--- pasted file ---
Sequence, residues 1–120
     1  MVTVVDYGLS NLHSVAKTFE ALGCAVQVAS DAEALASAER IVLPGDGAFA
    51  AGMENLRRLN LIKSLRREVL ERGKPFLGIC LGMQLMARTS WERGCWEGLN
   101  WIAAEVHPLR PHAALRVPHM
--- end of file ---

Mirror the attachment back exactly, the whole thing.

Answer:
Sequence, residues 1–120
     1  MVTVVDYGLS NLHSVAKTFE ALGCAVQVAS DAEALASAER IVLPGDGAFA
    51  AGMENLRRLN LIKSLRREVL ERGKPFLGIC LGMQLMARTS WERGCWEGLN
   101  WIAAEVHPLR PHAALRVPHM